You did tweet him once to welcome him to Twitter and a second time to ask if he was aware that NBC’s Revolution makes a lot of references to his works. After all, they just aired an episode titled “Captain Trips” about an outbreak.
Does that remind anybody of anything King related?
You anxiously await the upcoming holiday so that you might entertain (though most likely annoy) your relatives with tales of your fictional creation, Guraknok the Christmas Golem.
Such tales involve an ancient golem traveling from his Antarctic lair each Christmas in order to challenge those whom he deems worthy to a dangerous game of riddles… the price of which begins with the seizing of meat products and presents.
You’ve also begun thinking of a larger, revised origin tale in which Guraknok was created from a disgruntled elf who had been dismissed from Santa’s workshop for failing to meet minimum production quotas.
After an unsuccessful attempt to establish a competing Christmas operation, the elf spends his remaining years learning dark magic, which culminates in the creation of the immortal Guraknok in an effort to take revenge on Santa Claus.
Guraknok the Christmas Golem exists to question Santa’s judgment on who is naughty and nice by utilizing a statistical algorithm to generate a sampling every year of people Guraknok will challenge in order to judge whether or not those who were given or denied gifts deserved that fate.
He may give gifts or take them away (and your meat products)… but do not try and test him yourself or you may end up being taken back with him to Antarctica, via his teleportation ring powered by elvish blood, where you will spend eternity working on Guraknok’s secret goal of opening Antartica’s first IKEA franchise so that he might one day retire and live his immortal life on a beach in the Bahamas.
You have devoted a large portion of your Thanksgiving holiday break to streaming kung fu and samurai films in between reading old pulp fiction crime novels in e-book format.
Upon a recent visit to the State Fair of Texas with your significant other, you unintentionally surprise those who requested pictures of your time spent there by not taking photographs of anyone.
Instead, your interpretation of their request results in a day at the fair represented by three photos of the U.S.S. Enterprise from Star Trek: The Original Series created using string art.
Yet to you, they still represent a great day that you shall never forget.
Upon seeing the trailer for the upcoming Robocop film, starring Joel Kinnaman of AMC’s crime drama The Killing, you are struck by one thing while sitting in that movie theater. It is not that this looks like it has a chance of being a fresh, inventive take on this tale (if the almost robot-ninja way Robocop looks and moves doesn’t ruin it). Nor is it the interesting cast that includes Michael Keaton, Samuel L. Jackson, and Gary Oldman.
No… you are struck silent by the stupefying question that a grown man seated behind you asks another, as a moment of quiet descends in the theater once the trailer ends.
The question: “Is that a remake?”
And with that, I present the trailer…
I have returned to you, Avid Reader.
Life is strange with many twists, which is a cursory (but true) explanation of my brief absence. However, “Ka is a wheel,” and I remain committed to this, our mutual journey through nerdom.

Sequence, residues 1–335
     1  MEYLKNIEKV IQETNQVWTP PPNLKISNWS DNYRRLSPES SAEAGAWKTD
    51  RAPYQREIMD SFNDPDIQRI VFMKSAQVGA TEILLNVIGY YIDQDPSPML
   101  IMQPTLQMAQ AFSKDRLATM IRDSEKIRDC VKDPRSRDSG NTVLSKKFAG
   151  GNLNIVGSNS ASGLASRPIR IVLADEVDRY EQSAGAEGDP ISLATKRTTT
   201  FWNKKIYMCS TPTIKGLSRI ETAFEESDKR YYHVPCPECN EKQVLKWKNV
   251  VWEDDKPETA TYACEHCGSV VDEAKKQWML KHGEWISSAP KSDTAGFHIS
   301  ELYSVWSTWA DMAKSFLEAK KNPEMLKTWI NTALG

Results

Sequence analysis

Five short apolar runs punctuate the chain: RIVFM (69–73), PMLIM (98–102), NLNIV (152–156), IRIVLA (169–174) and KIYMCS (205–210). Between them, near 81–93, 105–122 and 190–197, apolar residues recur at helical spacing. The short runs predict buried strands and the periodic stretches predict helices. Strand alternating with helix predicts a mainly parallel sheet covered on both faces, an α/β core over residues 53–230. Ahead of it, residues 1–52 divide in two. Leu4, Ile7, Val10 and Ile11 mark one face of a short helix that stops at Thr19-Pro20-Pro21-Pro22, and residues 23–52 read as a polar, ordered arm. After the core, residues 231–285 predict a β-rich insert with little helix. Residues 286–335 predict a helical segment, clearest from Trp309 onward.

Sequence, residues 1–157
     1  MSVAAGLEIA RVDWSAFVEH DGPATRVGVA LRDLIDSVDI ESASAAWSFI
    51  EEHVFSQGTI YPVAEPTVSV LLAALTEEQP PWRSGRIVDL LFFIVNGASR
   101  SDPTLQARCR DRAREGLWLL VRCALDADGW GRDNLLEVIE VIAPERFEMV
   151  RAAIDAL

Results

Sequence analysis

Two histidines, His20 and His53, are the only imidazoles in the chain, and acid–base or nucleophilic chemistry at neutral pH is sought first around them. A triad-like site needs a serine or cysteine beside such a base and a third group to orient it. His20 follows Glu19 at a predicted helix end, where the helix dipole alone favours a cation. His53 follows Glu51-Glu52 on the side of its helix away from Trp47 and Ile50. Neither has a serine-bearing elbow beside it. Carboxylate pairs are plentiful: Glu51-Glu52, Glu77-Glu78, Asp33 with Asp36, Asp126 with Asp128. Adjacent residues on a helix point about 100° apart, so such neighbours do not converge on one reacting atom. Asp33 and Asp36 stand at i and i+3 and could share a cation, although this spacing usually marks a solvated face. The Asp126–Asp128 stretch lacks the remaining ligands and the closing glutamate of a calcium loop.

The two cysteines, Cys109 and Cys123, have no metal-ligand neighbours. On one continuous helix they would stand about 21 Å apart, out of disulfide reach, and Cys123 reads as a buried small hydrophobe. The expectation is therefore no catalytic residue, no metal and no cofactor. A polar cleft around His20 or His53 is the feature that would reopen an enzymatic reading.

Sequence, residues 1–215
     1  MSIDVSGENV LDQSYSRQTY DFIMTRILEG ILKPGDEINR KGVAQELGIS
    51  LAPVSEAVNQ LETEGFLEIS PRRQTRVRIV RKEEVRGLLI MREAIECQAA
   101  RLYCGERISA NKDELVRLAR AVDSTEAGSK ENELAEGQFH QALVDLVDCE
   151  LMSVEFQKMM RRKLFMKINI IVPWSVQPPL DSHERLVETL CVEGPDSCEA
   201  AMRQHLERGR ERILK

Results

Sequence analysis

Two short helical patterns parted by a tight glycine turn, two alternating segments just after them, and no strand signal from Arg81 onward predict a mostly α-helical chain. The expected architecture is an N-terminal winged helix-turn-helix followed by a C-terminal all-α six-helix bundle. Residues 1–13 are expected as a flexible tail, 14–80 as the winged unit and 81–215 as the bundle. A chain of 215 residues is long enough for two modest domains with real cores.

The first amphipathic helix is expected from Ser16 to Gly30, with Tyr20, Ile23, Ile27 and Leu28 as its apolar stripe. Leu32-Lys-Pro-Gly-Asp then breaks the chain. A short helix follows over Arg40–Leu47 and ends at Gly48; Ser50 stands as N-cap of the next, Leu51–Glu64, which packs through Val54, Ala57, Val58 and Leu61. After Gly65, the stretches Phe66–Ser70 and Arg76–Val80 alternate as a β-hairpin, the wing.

As such, I have brought you a movie trailer for a new psychological thriller starring Michael Cera as the creepiest person to walk the Earth…
Thus, I give you Magic Magic, or as I have come to think of it, George Michael Bluth: The Lost Years.
*May be disturbing for some audiences (And if it isn’t… then there is something wrong with you, sai)*
You have recently begun using the interactive recommendation program called “Max” on your Netflix streaming account, which suggests titles to watch by way of a programmed series of pithy voice-over prompts, saying things like, “I think you’ll really like this one,” or “Do you trust me?”
However, your interactions with this program have been frustrating, and have caused a few strange looks from those who have entered the room in time to hear you yelling things at your television, not unlike the following:
“Way to go genius! Why in the hell would I want to watch that person’s second stand-up comedy special since I just selected ‘Not Interested’ when you suggested his first stand-up special five seconds ago?”
The following short film, Jeg Med Døden (I With Death), is directed by Ross Murray (who I am proud to call “brother”) and stars Taylor H. Wright as “I” and Jordan Thompson as “Death.”
Upon viewing this film you may find yourself thinking of the 1957 Swedish film Det Sjunde Inseglet (The Seventh Seal) directed by Ingmar Bergman and starring Max von Sydow as a knight of the Crusades who plays chess with Death for the fate of the knight’s soul. Thus, this three-minute video made me think the following thought:
In an alternate universe, Ingmar Bergman’s The Seventh Seal was written with humor in mind, and is considered one of the most astute comedies of all time.
Behold, Jeg Med Døden! *WARNING! This video may not be appropriate for all audiences.*
As your thirtieth birthday approaches, you find yourself feeling grateful that you don’t live in the society depicted in the 1976 science fiction film Logan’s Run, in which all people living in a hermetically-sealed dome structure in the future, must all undergo “renewal” through a process called Carousel when reaching thirty years old. A person’s age is visible via a crystal in the palm of the hand, which blinks red at the age of renewal.
Those who try to avoid renewal are called “Runners,” who are hunted down by a special police force, each member of which is called a “Sandman.”
Behold the sobering spectacle of Carousel…
Followed by the Sandmen in action.
You’re childhood enjoyment of the Captain Planet cartoon series lends itself to a surprising appreciation for the four-part Funny or Die comedic saga in which Don Cheadle portrays a rather insane Captain Planet.
Click on the links below to behold, what I like to call, The Downfall of Captain Planet…